Events Mark Opening of Biotech Center
NYS Senate Majority Leader Joseph Bruno
(left) and Congressman Michael McNulty joined President
Jackson at the ribbon-cutting.
Scientists at the forefront of emerging, innovative
biomedical research shared their discoveries at a symposium and
Presidential Colloquy held to mark the opening of Rensselaer’s
Center for Biotechnology and Interdisciplinary Studies in early
The symposium included keynote speeches by three top
scientists in their fields: Shirley Tilghman, president of
Princeton University and a highly respected molecular
biologist; Troy Duster, professor of sociology at New York
University and Chancellor’s Professor at the University of
California, Berkeley; and Robert Langer, the Kenneth J.
Germeshausen Professor of Chemical and Biomedical Engineering
at the Massachusetts Institute of Technology.
Topics discussed during the Sept. 9 event included genomic
sequencing, regenerative medicine, enzymes in drug discovery,
and related research. Several Rensselaer faculty members and
invited guests also made presentations about their
Langer presented some of his team’s extraordinary
developments, including the case of a young victim with severe
burns on his chest who was healed with tissue grown from his
University of Virginia Professor of Chemistry and Pathology
Donald Hunt talked about the capabilities of new analytical
equipment made possible by the intersection of engineering and
life sciences. Using the new mass spectrometer, and a database
of peptide sequences, scientists can identify thousands of
phosphoproteins in a fraction of the time it used to take.
Scientists may someday be able to develop a vaccine that can
identify proteins secreted by diseased cells and stimulate
cells to produce their own destroying agents.
Capping the day’s activities was a poster session consisting
of more than 90 posters featuring some of the groundbreaking
work being conducted by graduate and undergraduate students at
Rensselaer, and a dinner featuring speaker Dr. Roderic
Pettigrew ’73, director of the National Institute of Biomedical
Imaging and Bioengineering.
Several of the nation’s top science policy makers and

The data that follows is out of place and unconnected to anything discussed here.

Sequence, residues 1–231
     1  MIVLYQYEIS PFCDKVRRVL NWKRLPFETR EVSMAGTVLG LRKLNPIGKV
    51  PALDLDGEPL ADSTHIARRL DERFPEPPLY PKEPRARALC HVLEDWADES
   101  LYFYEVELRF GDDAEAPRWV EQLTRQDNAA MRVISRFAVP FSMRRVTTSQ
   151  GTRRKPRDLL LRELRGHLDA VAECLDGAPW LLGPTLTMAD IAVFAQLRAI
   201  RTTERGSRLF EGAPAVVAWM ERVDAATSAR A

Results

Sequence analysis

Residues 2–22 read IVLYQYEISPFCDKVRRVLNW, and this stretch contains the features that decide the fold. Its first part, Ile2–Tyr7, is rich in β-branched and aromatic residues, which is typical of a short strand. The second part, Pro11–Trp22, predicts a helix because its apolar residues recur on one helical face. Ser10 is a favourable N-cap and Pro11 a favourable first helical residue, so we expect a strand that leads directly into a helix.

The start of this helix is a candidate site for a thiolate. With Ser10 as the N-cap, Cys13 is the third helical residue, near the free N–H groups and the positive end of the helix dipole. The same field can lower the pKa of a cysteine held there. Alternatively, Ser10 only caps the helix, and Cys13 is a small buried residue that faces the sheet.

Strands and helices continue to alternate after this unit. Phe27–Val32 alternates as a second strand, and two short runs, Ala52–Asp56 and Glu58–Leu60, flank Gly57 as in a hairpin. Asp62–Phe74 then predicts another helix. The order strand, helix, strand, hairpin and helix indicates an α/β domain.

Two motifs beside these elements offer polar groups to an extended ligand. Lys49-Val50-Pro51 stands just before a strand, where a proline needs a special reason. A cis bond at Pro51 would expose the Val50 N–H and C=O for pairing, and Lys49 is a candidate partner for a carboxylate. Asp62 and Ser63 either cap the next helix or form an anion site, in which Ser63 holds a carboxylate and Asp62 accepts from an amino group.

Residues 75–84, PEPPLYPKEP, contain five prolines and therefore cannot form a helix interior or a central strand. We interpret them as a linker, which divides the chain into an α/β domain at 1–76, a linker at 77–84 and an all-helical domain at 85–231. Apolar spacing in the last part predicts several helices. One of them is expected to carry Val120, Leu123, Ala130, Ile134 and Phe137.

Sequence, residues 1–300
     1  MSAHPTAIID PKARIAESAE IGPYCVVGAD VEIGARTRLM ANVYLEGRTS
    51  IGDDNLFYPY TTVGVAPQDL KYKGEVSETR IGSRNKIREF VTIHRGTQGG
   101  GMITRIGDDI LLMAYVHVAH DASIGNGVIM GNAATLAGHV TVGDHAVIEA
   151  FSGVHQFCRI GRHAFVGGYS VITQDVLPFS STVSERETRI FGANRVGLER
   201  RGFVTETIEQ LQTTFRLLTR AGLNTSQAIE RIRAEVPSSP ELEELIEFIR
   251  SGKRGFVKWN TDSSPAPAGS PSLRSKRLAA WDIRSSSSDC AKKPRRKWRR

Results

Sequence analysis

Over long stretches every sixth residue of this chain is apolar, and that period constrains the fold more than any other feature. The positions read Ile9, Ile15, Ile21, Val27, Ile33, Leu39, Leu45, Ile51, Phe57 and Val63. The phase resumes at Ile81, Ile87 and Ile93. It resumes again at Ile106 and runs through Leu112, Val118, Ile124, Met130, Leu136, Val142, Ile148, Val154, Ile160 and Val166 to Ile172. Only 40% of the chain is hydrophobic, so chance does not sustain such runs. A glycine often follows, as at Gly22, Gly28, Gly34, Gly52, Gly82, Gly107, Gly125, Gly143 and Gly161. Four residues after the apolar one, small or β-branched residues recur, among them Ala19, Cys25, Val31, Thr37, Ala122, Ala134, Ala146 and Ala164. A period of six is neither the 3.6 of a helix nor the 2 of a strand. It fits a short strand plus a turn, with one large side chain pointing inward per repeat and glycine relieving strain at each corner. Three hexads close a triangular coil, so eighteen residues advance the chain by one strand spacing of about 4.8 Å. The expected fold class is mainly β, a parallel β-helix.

researchers came together at Rensselaer the next day to discuss
“Opportunities at the Interface of Bioscience and
Bioengineering” at a Presidential Colloquy. The roundtable
discussion, moderated by President Shirley Ann Jackson, focused
on the risks and the rewards of research at the intersection of
the biosciences and bioengineering.
(l-r) Shirley Tilghman, Robert Langer,
and Troy Duster at the Biotechnology
Panelists spoke on the promise of the future of
biotechnology, including tissue regeneration using both
embryonic and adult stem cells, what can be achieved with the
information from the human genome project, and the challenge of
finding funding for pioneering research.
Panelists included Dr. Elias Zerhouni, director of the
National Institutes of Health; Bruce Alberts, president of the
National Academy of Sciences; William Wulf, president of the
National Academy of Engineering; Claire Fraser ’77, president
and director of The Institute for Genomic Research (TIGR);
James Mullen ’80, chief executive officer of Biogen Idec Inc.;
and William Haseltine, chairman and chief executive officer of
Human Genome Sciences Inc.
They discussed the importance of scientists as leaders in a
public debate on some of the potentially controversial issues,
and the need for more funding in basic research.
A ribbon-cutting ceremony for the new center followed the
colloquy. Participants included U.S. Representative Michael
McNulty, New York State Senate Majority Leader Joseph Bruno,
and other leaders, representatives from economic development
agencies and Rensselaer.
“I’m not a scientist or a technician, but sometimes I can
recognize vision,” said McNulty. “I applaud what’s going to
happen in this building, in the fields of biology, physics,
engineering, computer technology — it will accrue to benefits
to the area, the state, the nation and the world.”
Originally published in
Rensselaer Magazine, Winter 2004